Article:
In 2013, the infamous Hong sisters shocked and delighted K-Drama fans when their co-written hit series, Master’s Sun, aired on SBS. The story centers on Tae Gong-Sil (meaning “sun” in Korean), a young woman who once lived up to her name but, since a near death experience, lives her life plagued by the ability to see ghosts. Her fear is only extinguished when she makes physical contact with Joo Joong-Won (“master” in Korean), a successful, yet arrogant, president of a large corporation.
Even though, I had heard good things about this drama, I was still apprehensive. In the past, if it wasn’t disgustingly mushy with a few comedic moments here and there, I found myself uninterested. It’s pretty easy to get on the top of my list of Faves. All you need is that classic storyline: the good-looking rich guy antagonizes the poor girl, but she wins him over with her shining personality, and they protect their love, in spite of whatever twists the writers throw their way (amnesia, evil mothers, you know the drill). But mixing in the supernatural with my rom-com crack? It was bearable with Secret Garden, but my philosophy has been that the two genres are best kept separately.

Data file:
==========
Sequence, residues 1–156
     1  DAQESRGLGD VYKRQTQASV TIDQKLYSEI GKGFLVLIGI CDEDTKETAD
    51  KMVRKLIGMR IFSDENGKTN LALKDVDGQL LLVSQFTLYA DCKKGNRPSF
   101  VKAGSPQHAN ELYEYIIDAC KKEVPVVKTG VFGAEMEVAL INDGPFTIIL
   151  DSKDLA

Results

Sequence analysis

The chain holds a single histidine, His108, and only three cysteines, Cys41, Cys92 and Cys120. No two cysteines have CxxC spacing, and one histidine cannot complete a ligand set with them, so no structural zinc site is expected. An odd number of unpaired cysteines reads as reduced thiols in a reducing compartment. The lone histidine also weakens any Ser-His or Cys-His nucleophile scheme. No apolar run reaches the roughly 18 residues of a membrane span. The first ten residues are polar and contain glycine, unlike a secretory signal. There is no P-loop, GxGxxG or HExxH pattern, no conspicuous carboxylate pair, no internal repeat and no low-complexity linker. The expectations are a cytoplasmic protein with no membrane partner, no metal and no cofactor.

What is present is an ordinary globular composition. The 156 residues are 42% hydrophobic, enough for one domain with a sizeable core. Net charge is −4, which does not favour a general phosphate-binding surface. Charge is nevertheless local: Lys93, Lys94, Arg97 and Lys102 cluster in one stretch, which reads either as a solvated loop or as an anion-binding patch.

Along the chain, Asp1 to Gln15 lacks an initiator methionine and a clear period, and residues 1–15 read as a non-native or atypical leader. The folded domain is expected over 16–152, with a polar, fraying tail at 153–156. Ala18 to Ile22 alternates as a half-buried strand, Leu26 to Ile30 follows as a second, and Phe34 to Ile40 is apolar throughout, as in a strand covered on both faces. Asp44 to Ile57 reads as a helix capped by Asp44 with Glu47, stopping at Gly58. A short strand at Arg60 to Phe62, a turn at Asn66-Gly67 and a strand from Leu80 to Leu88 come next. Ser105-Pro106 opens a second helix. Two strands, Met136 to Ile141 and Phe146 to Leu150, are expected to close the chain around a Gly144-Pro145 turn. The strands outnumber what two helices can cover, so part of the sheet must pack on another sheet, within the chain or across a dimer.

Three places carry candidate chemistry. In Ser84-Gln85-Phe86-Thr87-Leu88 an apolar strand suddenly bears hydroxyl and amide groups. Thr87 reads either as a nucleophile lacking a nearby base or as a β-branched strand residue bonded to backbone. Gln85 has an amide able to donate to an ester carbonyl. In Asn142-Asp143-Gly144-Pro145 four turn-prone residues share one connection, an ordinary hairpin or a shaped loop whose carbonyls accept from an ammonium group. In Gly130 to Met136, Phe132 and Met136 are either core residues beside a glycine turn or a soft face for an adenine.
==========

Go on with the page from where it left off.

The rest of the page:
Philosophy proven WRONG.
Master’s Sun was a one of the best of 2013 because of its edgy coupling that scared the crap out of me and brought me to tears all in the same episode. If you’re an American like me, trying to steamroll dramas in marathon format online, then you know that the struggle is ALIVE AND WELL. A good k-drama will drag you through the mud, leave on the side of the road, come back, clean you up, then push you off a cliff, say “sorry”, and you forgive them because you like it. In my glory days, I stayed up as long as it took for me to get to that final episode and everything was okay. I think the longest I’ve gone on a drama binge was 3 days without sleep, watching Golden Bride. (It’s a great one too. I recommend!) The problem, which I guess isn’t really a problem, is that the Hongs didn’t skimp on the scary. As a viewer, I got the picture⇀ these spirits were not only stalking her and keeping her sleep-deprived, but they had her holed up in her room, terrified of her own shadow, and looking like a crazy person to everyone around her. This show will have you clutching the covers around your throat at 3 AM, paranoid of the darkness until daylight.
At the same time, it delivers in the heart-wrenching, why-is-the-world-like-this, why-can’t-everybody-just-be-happy, throw-laptop-and-cry department. Gong-Sil will force you to love her warm, aloof personality, and there is a coldness in Joong-Woo that makes him need her as much as she needs him. The connection between Gong-Sil and Joong-Won is a means for their survival, and I believe that’s how they incorporate the supernatural into mainstream romantic-comedy dramas.
But could other dramas follow in their footsteps and survive? Who knows? My Love From Another Star, which aired in December, is still doing well, while Taecyeon’s drama, Who Are You, which aired before Master’s Sun in July, did not. The formula of how much a creator can leave the traditional k-drama platform is still being worked out, but for now, let’s just hope they keep dragging us through the mud.
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